Working on this post, I called Steve and asked what helped him develop as a leader. He immediately identified how The Multiplier Effect helped clarify the impact that various school administrators have made in either multiplying or diminishing his leadership capacity over the years. For instance, he cited how his current principal has multiplied him due to her understanding of the role of Teacher Librarians as school leaders. She encourages and guides him, providing advice regarding ways to be effective. She mentors and respects him, and while he had always felt that he could be a leader, her recognition of his potential has helped him emerge as an even greater one.

My follow-up question was what to do if working under a diminishing leader, and he said that while this is a challenge, he would work from the “ground up” by collaborating with key teacher leaders until school administration can’t help but see your leadership potential. This echoes the idea of being able to work within present situations. In closing, just as Steve has benefited from mentorship, I consider him to be a mentor for me, and I hope that as I grow in my new position as a Teacher Librarian, I may also develop as a transformational leader.


American Association of School Librarians. (1998). Information power: Building partnerships for learning. Chicago: American Library Association.

Evans, G.E., & Alire, C.A. (2013). Management basics for information professionals (3rd ed.).  New York: Neal-Schuman.

Smith, D. (2014). Improving the leadership skills of pre-service school librarians through leadership pre-assessment. Journal Of Education For Library & Information Science, 55(1), 55-68.

Wiseman, L., Allen, L. N., & Foster, E. (2013). The multiplier effect: Tapping the genius inside our schools. Thousand Oaks, CA: Corwin.

Committing to a Shift in Culture

After completing this week’s readings, I am most excited to reflect upon the way that teams and technology can transform organizational culture. The following quote from Evans and Alire (2013) stood out to me:
Traditional workplace behavior, at least in the United States, has a strong element of competition and a low emphasis on cooperation/collaboration. Team-based work calls for just the opposite behavior; it takes time for team members to develop the change in focus. (p. 346)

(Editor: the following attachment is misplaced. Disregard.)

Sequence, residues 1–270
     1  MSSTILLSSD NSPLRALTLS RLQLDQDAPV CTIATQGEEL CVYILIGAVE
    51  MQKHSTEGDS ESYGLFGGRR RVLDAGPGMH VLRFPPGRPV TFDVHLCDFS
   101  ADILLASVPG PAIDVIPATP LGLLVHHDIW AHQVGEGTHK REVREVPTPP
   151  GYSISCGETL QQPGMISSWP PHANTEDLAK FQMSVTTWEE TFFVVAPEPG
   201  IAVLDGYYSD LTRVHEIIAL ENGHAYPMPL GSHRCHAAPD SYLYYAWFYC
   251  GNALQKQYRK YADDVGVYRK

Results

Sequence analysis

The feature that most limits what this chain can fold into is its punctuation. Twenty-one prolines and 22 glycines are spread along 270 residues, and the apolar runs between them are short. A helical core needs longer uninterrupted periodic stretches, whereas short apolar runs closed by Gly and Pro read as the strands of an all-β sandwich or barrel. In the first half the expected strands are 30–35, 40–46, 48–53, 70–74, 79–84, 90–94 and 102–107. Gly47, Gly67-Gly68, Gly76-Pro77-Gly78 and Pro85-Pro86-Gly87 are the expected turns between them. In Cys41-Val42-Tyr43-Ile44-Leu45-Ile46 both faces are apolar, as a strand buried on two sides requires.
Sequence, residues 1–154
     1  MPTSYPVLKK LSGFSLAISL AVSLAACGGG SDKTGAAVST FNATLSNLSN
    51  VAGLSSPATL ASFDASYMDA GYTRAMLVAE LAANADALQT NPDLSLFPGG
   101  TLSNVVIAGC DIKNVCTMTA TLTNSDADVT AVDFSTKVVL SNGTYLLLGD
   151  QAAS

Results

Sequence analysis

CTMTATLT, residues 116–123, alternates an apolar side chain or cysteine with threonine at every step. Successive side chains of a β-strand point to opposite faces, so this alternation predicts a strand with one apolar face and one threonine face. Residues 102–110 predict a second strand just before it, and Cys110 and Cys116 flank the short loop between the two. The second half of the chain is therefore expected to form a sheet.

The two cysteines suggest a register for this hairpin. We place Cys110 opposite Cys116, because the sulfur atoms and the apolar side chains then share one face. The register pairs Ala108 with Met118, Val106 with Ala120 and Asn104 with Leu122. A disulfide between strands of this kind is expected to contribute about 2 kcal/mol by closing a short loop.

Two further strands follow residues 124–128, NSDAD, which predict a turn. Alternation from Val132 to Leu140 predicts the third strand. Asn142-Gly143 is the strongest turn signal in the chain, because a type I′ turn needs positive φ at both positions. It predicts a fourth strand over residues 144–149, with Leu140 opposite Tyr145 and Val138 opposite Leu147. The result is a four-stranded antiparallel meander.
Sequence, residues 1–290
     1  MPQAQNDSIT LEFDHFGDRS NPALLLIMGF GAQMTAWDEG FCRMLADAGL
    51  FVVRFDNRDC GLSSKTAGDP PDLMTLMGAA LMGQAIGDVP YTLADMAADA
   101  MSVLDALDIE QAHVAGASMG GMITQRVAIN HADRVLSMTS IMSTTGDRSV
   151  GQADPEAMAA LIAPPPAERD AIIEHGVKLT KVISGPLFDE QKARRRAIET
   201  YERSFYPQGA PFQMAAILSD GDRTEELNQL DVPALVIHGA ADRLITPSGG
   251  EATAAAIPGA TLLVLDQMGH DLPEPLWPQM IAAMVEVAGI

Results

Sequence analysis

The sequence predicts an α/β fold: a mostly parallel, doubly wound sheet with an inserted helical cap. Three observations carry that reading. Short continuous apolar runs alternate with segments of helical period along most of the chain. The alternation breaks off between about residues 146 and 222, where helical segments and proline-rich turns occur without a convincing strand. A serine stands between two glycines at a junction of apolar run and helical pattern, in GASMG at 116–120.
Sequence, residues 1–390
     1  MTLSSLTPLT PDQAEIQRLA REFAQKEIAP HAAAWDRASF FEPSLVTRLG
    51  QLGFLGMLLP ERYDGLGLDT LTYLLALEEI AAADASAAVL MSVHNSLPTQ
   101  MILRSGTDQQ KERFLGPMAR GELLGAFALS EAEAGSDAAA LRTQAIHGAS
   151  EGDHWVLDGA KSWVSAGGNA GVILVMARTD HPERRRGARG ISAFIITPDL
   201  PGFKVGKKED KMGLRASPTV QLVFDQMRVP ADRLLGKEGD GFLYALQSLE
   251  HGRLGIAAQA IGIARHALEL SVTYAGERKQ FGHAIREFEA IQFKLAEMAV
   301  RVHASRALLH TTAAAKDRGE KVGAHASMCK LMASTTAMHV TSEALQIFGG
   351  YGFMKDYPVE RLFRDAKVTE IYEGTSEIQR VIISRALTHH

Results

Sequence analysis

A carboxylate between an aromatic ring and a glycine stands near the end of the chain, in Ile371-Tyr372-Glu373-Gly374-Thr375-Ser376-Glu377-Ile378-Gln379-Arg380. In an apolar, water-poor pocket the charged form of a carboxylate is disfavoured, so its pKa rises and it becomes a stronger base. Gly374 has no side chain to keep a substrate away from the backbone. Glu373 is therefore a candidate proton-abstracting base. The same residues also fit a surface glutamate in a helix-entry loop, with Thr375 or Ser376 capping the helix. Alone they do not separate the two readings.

The reason why this struck me is because it focuses on how team-based work represents a fundamental cultural shift from competition to collaboration. Evans and Alire continued to explain that in order for this new way of working to be successful, an organization needs to invest time and training into efforts. In other words, successful teamwork requires both intention and focused attention; it requires commitment.

When looking further at teams within the virtual realm, the article that stood out to me was Guenard, Katz, Bruno, and Lipa’s piece “Enabling a New Way of Working through Inclusion and Social Media.” In this article, I found similar themes resonating through their emphasis on the disruptive nature of social media technology and how it may enable “the democratization of knowledge” (2013, p. 9). Just as Evans and Alire wrote about how team-based work requires a new mode of working, Guenard et al. provided helpful tables outlining how virtual collaboration requires new “mindsets and behaviors” (p. 12).



Mindful that the cultural shift of collaboration does not occur without commitment, I also enjoyed another figure provided by Guenard et al. that demonstrates how internalization is a process that takes time and effort. I think that members of an organization may often be too quick to judge efforts as unsuccessful or as having little impact when the potential value of an ”energized human network” has not yet been given the chance to be fully realized (Guenard et al., 2013, p. 14). Thus, there must be acceptance that cultural change takes time and effort at the same time that time and effort is actively dedicated to supporting the change. Using a model such as the figure below may help organizations identify where they stand on the continuum of change so that they may remain committed and best direct efforts to move closer to their goal.


A final point in closing is that commitment does not mean just giving more time and effort. Time and effort must be allocated and applied in ways that are meaningful and effective. I think a good example of this is how, with the best intentions, an organization may try to support employees with a program such recognizing standout individuals (e.g., Employee of the Month programs) when this is actually counterproductive to building a team-based culture. Commitment must be thoughtful, and organizations must be equipped to reflectively evaluate progress when determining next steps for continuing progress.


Evans, G.E., & Alire, C.A. (2013). Management basics for information professionals (3rd ed.).  New York: Neal-Schuman.

Guenard, R., Katz, J., Bruno, S., & Lipa, M. (2013). Enabling a New Way of Working through Inclusion and Social Media: A Case Study. OD Practitioner, 45(4), 9-16.